It is important to understand what part of the year, and what time of the day, severe weather is most likely. Those should be the times when your severe weather awareness is highest, as it is when you are most likely to be adversely impacted. Bear in mind though that tornadoes and severe weather can occur at any time of the year, day or night.
The NWS Norman's "Storm Spotter Resource Center" has a comprehensive severe weather climatology page that includes useful links and interesting facts. You also may want to visit the following links:
|Oklahoma Monthly and Annual Tornado Statistics
||Western North Texas and Annual Tornado Statistics
In Oklahoma and western north Texas, tornadoes can happen at any time of the year. While we think of tornado season as being from mid March through mid June, we can see storms in any month. Remember that storms don't have a calendar, and don't care what month it is. As long as the right conditions come together, tornadoes can happen in December or August as easily as they can in April. Since official records began in 1950, at least one tornado has been recorded in Oklahoma in every month of the year. For the same period in western north Texas, only the winter months of January and December have not seen tornadoes.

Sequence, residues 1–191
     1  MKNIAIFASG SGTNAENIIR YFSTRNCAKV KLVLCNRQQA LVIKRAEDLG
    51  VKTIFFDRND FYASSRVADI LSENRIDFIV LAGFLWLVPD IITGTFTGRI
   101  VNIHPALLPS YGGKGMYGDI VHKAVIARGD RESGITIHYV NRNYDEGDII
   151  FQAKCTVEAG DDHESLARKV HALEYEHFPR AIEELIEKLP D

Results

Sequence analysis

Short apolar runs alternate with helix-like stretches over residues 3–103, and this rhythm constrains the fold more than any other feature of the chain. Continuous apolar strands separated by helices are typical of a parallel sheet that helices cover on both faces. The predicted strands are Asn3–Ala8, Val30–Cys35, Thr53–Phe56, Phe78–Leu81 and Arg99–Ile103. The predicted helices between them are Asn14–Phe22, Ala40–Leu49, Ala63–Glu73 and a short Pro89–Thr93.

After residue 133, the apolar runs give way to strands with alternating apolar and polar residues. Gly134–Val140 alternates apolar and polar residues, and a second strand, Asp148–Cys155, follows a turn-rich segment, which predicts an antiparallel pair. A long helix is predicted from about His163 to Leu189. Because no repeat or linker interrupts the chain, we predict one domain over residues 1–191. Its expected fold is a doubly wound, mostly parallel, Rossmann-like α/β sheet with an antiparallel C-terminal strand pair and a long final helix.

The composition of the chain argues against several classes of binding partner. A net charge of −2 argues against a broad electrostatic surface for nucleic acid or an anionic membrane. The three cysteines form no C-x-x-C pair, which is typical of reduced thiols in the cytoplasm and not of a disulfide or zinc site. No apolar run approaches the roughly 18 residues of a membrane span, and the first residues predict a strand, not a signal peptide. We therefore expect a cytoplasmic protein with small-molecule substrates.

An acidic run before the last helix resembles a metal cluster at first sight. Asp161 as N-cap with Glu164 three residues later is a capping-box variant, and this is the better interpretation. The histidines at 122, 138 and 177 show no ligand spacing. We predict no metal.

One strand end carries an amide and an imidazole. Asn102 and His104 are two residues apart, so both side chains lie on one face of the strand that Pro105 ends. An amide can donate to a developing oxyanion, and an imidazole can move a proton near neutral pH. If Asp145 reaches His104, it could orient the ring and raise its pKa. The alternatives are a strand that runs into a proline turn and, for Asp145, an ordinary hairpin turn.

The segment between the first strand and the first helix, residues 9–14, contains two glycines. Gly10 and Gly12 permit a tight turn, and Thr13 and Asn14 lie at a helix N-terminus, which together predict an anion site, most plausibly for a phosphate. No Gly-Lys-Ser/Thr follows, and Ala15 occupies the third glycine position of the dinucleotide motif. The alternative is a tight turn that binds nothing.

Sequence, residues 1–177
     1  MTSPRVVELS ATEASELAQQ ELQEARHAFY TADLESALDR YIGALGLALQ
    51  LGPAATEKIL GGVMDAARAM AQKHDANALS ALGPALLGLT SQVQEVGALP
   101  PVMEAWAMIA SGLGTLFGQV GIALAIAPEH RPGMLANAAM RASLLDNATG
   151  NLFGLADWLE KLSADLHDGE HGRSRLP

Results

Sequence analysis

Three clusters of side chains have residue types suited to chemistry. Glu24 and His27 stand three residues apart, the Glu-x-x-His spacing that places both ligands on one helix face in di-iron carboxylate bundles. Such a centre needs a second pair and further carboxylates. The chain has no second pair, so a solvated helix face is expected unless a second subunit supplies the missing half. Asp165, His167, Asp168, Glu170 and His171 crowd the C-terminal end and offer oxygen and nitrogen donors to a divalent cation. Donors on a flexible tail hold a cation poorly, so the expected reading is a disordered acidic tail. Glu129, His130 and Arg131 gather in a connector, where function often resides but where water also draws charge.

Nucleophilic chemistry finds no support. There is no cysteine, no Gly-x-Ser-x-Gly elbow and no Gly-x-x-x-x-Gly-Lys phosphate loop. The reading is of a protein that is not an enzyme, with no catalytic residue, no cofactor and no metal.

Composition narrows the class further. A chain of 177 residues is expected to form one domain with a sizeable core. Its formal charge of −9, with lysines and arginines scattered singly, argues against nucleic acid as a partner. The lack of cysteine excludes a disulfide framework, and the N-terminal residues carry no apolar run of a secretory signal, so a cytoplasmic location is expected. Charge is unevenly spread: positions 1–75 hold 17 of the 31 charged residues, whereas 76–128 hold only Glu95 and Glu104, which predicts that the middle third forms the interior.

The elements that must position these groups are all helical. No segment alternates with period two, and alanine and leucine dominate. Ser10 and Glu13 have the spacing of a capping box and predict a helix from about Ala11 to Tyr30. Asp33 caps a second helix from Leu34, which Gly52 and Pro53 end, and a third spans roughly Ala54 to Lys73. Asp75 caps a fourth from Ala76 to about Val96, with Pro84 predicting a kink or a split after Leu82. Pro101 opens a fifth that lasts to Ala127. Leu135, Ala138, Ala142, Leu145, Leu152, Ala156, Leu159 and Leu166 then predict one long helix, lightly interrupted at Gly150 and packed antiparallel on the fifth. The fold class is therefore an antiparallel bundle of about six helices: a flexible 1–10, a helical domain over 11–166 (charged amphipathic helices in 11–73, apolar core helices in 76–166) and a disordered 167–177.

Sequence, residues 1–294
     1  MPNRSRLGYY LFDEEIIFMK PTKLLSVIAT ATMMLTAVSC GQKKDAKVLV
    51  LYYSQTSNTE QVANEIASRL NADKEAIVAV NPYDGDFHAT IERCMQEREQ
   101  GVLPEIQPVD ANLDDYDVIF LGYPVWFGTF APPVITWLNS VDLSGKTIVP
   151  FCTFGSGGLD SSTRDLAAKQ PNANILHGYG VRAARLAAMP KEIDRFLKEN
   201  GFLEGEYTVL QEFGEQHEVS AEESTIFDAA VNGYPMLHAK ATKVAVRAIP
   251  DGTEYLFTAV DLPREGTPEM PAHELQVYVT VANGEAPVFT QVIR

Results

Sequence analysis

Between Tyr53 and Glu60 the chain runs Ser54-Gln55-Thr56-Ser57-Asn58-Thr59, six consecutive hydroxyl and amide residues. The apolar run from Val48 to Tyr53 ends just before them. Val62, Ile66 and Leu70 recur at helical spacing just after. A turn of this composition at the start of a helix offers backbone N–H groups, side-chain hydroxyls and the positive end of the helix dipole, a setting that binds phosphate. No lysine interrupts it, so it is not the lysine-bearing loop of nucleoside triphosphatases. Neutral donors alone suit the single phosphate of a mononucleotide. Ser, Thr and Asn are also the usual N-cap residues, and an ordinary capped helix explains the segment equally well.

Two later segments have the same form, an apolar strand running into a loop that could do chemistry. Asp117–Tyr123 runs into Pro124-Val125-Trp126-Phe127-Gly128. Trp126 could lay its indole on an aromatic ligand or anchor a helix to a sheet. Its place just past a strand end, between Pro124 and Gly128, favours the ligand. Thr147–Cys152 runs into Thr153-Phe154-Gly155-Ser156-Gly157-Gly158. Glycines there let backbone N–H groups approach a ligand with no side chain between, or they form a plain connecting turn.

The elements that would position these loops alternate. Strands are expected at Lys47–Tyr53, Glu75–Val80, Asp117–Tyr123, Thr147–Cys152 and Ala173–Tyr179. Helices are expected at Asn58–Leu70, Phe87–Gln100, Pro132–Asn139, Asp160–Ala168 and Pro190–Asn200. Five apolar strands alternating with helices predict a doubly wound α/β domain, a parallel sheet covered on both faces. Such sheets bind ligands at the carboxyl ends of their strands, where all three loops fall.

For example, on January 25, 1967, four tornadoes occurred in the state of Oklahoma. Three of those tornadoes were rated an F2 on the Fujita Scale. Almost exactly ten years earlier, four tornadoes occurred on January 21-22, 1957 in Eastern Oklahoma. Two were rated an F2 and one was rated an F4 on the Fujita Scale.
Most tornadoes occur between 3 pm and 9 pm. But we can also have tornadoes after dark, which adds to the danger, the need to be prepared, and the need to have a plan to be safe.